The Playbook For A Successful Mall Is Changing

A stack of brand outlets and a bunch of department stores with a cinema complex thrown in doesn’t work anymore. Customers want novelty and freshness in stores, brands and entertainment.

22 May 2024 12:30 AM GMT

Shopping complexes, once a novelty in India, and now an important community space, are losing their sheen it seems. Ghost shopping malls, or mostly vacant malls, have been steadily increasing across the country. A recent report by Knight Frank, a real estate consultancy firm, showed that over 64 shopping centres in India had more than 40% of their units unoccupied, turning them into ghost malls.

What’s ailing malls, the favourite urban-family destination for a Sunday evening meal or a movie or both?

The Knight Frank report suggests that a major reason behind shopping centres turning into ghost malls is that customers are choosing to visit the bigger, better and fancier establishments, known as Grade A malls in business parlance. These Grade A malls seem to be the only ones keeping up with the rapidly changing needs of the Indian consumer. What are they doing right that shopping centres continue to get wrong?

“Some malls have just not been able to keep up with the changing times, and those are ones becoming obsolete,” Kumar Rajagopalan, chief executive officer of the Retailers Association of India said. Consumer tastes are becoming more short-lived than ever. This means malls must keep up with what the customer wants next to stay relevant.

Strata selling (a model in which the developer sells mall units outright rather than leasing them to tenants), shorter store leases, customers moving to digital-first brands and fewer...

Shopping complexes, once a novelty in India, and now an important community space, are losing their sheen it seems. Ghost shopping malls, or mostly vacant malls, have been steadily increasing across the country. A recent report by Knight Frank, a real estate consultancy firm, showed that over 64 shopping centres in India had more than 40% of their units unoccupied, turning them into ghost malls.

What’s ailing malls, the favourite urban-family destination for a Sunday evening meal or a movie or both?

The Knight Frank report suggests that a major reason behind shopping centres turning into ghost malls is that customers are choosing to visit the bigger, better and fancier establishments, known as Grade A malls in business parlance. These Grade A malls seem to be the only ones keeping up with the rapidly changing needs of the Indian consumer. What are they doing right that shopping centres continue to get wrong?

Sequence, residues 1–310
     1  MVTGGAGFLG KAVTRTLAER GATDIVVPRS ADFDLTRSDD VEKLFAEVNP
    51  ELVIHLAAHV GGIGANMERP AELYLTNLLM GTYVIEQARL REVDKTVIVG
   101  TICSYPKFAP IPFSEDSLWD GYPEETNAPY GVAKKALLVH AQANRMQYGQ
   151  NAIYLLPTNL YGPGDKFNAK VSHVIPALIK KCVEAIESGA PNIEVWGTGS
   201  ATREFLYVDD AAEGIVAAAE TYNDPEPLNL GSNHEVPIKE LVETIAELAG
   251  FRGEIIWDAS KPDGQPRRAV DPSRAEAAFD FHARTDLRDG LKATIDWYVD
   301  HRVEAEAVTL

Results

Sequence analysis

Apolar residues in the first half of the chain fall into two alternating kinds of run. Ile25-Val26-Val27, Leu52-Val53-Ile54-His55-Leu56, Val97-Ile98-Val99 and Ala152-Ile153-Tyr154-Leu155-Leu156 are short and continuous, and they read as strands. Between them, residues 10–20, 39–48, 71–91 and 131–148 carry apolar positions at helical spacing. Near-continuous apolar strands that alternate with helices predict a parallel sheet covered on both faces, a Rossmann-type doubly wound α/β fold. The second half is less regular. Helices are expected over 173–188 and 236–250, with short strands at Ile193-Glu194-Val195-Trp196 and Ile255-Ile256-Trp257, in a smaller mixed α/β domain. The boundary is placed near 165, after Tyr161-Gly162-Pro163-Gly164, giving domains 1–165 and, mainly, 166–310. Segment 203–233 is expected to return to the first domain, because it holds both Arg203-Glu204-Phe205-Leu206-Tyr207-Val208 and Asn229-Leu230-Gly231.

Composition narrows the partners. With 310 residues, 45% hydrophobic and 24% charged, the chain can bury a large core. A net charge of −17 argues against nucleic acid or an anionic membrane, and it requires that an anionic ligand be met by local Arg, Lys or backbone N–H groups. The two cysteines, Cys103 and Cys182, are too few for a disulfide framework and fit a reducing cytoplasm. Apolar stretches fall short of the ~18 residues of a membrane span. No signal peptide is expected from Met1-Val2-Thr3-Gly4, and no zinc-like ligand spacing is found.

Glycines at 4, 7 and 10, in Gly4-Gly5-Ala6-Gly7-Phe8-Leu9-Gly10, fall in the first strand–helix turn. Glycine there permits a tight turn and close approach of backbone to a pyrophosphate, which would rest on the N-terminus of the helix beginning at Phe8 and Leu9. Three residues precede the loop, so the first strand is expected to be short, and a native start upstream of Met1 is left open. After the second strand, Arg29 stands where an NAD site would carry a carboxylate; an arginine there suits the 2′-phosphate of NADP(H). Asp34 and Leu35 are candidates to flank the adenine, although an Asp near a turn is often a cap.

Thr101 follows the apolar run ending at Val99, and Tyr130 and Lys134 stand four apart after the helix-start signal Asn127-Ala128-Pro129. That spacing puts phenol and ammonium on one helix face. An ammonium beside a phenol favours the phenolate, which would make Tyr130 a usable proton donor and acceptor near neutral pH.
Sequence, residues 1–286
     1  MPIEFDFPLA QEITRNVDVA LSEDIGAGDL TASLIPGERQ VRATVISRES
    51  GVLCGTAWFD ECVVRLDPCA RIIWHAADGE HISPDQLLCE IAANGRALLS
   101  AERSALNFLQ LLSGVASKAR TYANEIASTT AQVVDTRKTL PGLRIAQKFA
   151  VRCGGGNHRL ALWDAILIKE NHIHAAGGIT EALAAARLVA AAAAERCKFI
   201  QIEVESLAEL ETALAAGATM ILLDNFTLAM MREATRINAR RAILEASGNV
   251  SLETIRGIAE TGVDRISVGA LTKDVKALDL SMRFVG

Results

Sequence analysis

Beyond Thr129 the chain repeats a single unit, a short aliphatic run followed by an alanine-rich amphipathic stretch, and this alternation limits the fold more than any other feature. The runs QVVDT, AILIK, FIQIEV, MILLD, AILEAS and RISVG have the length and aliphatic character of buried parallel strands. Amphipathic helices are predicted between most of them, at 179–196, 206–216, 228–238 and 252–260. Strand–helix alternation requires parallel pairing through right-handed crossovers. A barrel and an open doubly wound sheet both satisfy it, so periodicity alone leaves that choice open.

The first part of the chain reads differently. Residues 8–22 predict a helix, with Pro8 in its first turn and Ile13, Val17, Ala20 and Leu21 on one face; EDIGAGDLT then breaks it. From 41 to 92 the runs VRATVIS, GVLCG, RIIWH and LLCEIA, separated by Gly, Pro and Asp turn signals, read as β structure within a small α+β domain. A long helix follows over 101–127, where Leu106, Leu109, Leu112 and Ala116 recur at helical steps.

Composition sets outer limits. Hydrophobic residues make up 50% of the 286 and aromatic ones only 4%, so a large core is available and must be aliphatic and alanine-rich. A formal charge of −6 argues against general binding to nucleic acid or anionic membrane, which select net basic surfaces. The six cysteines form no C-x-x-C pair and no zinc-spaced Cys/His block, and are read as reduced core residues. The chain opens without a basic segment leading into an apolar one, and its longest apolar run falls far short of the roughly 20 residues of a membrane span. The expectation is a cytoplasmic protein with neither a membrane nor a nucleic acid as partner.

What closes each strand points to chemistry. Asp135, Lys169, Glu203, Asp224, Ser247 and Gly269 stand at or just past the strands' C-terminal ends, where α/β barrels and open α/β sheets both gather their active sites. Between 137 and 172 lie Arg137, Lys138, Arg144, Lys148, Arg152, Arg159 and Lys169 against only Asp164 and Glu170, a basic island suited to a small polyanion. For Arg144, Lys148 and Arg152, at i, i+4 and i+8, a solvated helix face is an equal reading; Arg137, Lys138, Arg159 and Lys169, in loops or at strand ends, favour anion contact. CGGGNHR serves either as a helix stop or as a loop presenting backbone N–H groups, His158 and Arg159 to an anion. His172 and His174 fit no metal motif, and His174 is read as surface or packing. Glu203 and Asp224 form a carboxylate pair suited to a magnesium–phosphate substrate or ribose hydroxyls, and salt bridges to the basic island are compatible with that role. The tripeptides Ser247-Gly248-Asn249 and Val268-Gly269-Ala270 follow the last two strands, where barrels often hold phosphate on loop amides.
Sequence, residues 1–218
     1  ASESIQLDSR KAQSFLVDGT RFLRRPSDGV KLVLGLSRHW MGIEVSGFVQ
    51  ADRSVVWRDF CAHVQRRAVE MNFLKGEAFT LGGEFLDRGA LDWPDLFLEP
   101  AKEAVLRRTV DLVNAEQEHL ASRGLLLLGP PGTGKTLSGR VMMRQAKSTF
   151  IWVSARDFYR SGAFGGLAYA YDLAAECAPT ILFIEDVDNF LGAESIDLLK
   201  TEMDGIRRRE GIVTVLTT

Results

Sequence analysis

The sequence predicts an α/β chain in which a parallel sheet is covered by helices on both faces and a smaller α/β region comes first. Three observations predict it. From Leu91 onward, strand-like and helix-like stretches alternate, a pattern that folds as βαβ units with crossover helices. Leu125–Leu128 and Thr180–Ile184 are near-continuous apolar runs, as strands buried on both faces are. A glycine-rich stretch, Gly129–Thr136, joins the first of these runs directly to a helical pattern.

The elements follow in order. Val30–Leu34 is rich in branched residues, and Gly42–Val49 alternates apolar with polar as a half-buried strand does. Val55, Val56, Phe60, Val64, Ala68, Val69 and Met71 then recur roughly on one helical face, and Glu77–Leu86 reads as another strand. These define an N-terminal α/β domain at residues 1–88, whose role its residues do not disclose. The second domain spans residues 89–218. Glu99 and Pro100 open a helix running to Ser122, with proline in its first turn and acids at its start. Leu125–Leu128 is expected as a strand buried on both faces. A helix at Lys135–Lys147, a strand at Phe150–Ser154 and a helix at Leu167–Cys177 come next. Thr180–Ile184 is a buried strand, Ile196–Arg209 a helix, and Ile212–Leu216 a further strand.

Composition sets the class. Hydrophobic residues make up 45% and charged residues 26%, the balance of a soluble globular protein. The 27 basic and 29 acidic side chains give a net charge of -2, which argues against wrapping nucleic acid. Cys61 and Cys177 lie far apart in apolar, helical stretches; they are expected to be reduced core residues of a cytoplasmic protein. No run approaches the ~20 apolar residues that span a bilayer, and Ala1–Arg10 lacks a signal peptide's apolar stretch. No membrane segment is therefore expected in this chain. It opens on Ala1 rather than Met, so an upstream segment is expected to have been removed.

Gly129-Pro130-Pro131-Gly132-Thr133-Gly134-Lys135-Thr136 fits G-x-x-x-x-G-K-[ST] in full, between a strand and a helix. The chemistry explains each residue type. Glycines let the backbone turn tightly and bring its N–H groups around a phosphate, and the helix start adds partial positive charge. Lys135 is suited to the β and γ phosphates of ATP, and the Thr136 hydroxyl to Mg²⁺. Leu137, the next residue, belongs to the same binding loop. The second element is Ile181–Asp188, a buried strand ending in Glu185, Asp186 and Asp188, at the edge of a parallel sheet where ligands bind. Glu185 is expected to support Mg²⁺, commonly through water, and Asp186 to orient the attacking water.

“Some malls have just not been able to keep up with the changing times, and those are ones becoming obsolete,” Kumar Rajagopalan, chief executive officer of the Retailers Association of India said. Consumer tastes are becoming more short-lived than ever. This means malls must keep up with what the customer wants next to stay relevant.

Strata selling (a model in which the developer sells mall units outright rather than leasing them to tenants), shorter store leases, customers moving to digital-first brands and fewer cinema goers are making it difficult for malls to hold on to customers. Indians are constantly seeking novelty as they get bored faster. These changing trends among Indian consumers have also made the usual formula of what it takes to keep a mall running successfully obsolete.

How are the bigger, Grade A malls able to keep up?

Mix And Match

“A majority of them (ghost shopping centres) were strata sold so they lost control of the asset,” Pankaj Renjhen, chief operating officer of ANAROCK Retail, a retail real estate consultancy firm, told The Core.

While experts believe leasing is the better option for malls, it isn’t enough. Variety, quality and relevance lure people to malls, and they must keep up to get footfalls. “Eighty percent of the growth in malls come from churn of brands,” Abhishek Bansal, executive director of Pacific Development Corporation Ltd said. That means to bump up footfalls, sales and activity, malls need to change stores according to what is popular among consumers.

Big developers are now replacing longer contracts, which were popular with tenants until a few years ago, with shorter contracts to keep changing the mix of stores.

According to Renjhen, small stores, which typically signed nine-year contracts, are now inking five- or six-year leases. For anchor stores, the big ones, leases lasted 21-25 years but developers are now pushing for 15-year agreements . “Developers are pushing for shorter term leases as the brand preferences are changing fast with consumers and also being more focused on performing brands,” he said.